Fifty years ago, Martin Luther King gave his "I Have a Dream" speech. Next week, President Obama will deliver remarks from where King stood in front of the Lincoln Memorial to commemorate the anniversary of the historic March on Washington for Jobs and Freedom.
Offstage from the main event, some odd bedfellows are also marking the occasion by reviving the "Poor People’s Campaign," the often-forgotten shift in King’s priorities from racial to economic justice in the months before his assassination. A casting call for the reality show Shark Tank and the launch of a Poverty Institute run by King’s former organization, the Southern Christian Leadership Conference, will all be part of a three-day event focusing on relieving gaping economic disparities with a very modern twist: teaching crowdfunding, investment, entrepreneurship, and innovation skills to underrepresented communities.
There may be no more important time than now for a revival of MLK’s activism around economic empowerment—and some expect President Obama to focus on this in his speech as well. Last year, poverty was at the highest level since 1965, and the economic gap between blacks and whites is also as wide as ever. A Pew Research Center analysis using 2009 data shows that the median white household has 20 times more wealth than black households, and 18 times more than Hispanic households (wealth is defined as assets minus debts). That translates to a typical black household having $5,677 in wealth, compared to $113,149 for whites. As noted by The Washington Post, the unemployment disparity between blacks and white remains as bad as it was in 1963.
But can teaching minorities about crowdfunding, launching startups, and other kinds of investing and fundraising really be the answer to such intransigent problems—or even part of the answer?
Rodney Sampson, the organizer of the events in D.C. this week—the "Kingonomics Innovation, Entrepreneurship & Investment Conference" and the "Emancipation of Capital Gala"—believes education needs to play a big role. "Through our economic downturn over the last four-plus years, there’s not been enough job creation," says Sampson. "I say, if you can’t find a job, create one. The way to do that is to start a company."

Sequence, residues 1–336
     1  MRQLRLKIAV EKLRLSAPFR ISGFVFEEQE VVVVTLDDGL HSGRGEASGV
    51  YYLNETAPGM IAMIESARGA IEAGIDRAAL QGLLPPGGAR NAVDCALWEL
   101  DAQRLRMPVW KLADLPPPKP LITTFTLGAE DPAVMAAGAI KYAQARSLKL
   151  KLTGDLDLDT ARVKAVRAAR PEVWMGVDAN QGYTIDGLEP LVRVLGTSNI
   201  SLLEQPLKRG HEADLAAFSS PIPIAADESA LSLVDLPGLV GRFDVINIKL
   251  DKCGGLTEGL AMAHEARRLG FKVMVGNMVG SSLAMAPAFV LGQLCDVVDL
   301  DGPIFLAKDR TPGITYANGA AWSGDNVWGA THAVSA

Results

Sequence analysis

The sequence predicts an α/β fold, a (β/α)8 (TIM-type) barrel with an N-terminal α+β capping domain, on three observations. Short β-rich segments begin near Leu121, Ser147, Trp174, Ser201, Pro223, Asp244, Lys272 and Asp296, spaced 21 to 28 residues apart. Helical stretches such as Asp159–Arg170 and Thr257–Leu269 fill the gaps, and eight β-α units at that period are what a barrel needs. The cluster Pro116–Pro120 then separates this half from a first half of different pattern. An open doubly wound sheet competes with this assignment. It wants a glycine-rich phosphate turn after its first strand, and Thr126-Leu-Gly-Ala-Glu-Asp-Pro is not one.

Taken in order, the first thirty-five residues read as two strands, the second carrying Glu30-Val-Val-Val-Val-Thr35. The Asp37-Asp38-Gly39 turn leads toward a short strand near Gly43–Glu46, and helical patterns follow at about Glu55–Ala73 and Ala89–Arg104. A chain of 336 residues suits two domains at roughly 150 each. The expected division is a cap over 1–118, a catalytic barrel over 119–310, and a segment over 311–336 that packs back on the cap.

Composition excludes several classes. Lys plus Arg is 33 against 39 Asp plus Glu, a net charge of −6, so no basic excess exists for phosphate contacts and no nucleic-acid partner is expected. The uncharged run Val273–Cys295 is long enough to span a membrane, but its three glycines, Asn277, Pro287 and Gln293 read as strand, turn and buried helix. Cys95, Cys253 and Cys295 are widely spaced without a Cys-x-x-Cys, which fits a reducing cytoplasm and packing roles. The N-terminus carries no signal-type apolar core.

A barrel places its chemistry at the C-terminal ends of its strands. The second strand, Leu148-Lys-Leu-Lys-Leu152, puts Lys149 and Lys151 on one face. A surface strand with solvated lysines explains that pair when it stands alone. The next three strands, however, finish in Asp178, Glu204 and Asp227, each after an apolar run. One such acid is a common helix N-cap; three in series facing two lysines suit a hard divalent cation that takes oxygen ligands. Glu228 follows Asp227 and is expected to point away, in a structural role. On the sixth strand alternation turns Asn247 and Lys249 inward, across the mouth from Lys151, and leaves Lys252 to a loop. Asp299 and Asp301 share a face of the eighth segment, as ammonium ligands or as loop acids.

Statistics do show that minorities are largely missing out on the wealth that has been created in Silicon Valley and other startup ecosystems in the last decade. In 2010, less than 1% of all venture capital funds went to African American company founders, according to CB Insights, a research firm. Only 2% of all venture capitalists are either black or Latino, and the Cleveland-based group PolicyBridge estimates that blacks and Latinos own only 4% of businesses in "technology-based growth industries" nationwide. To the extent that studies show that CEOs and managers, regardless of any outward bias, tend to hire, promote and invest in people most like themselves or who are a good "cultural fit," these imbalances are also more broadly worrisome.
A fundraising gala on Thursday, with sponsors including Google and Indiegogo, will honor prominent people in business and entrepreneurship, including Black Girls Code founder Kimberly Bryant and former NASDAQ vice chairman David Weild. On Friday, several thousand people are expected at "bootcamps" on investing and crowdfunding in person and through a live-stream (Sampson says his "Kingonomics" organization is also developing an entrepreneurship curriculum with University of California, Berkeley, and the historically black college Lincoln University). The day will culminate in a casting call for the startup-focused reality show Shark Tank, where Sampson works as a diversity and inclusion advisor for producer Mark Burnett's production studio.
Sampson believes the pairing of Shark Tank and MLK's philosophies about economic justice isn't as strange as it first seems: "We have to start exposing young people to careers in innovation," he says. "What if instead of tweeting about their $500 sneakers, Jay-Z and T.I. were tweeting about their stock portfolios?"
During King’s time, Sampson says, African Americans used their spending power to facilitate change. The Montgomery Bus Boycott provides no better example. He imagines that one day, as the SEC further legalizes crowdfunding for all kinds of investors, minority communities could also use the technique to take charge of expanded economic revitalization in their own neighborhoods. "If you can leverage your spending power, you can leverage your investment power," he says. "When people own something they take care of it."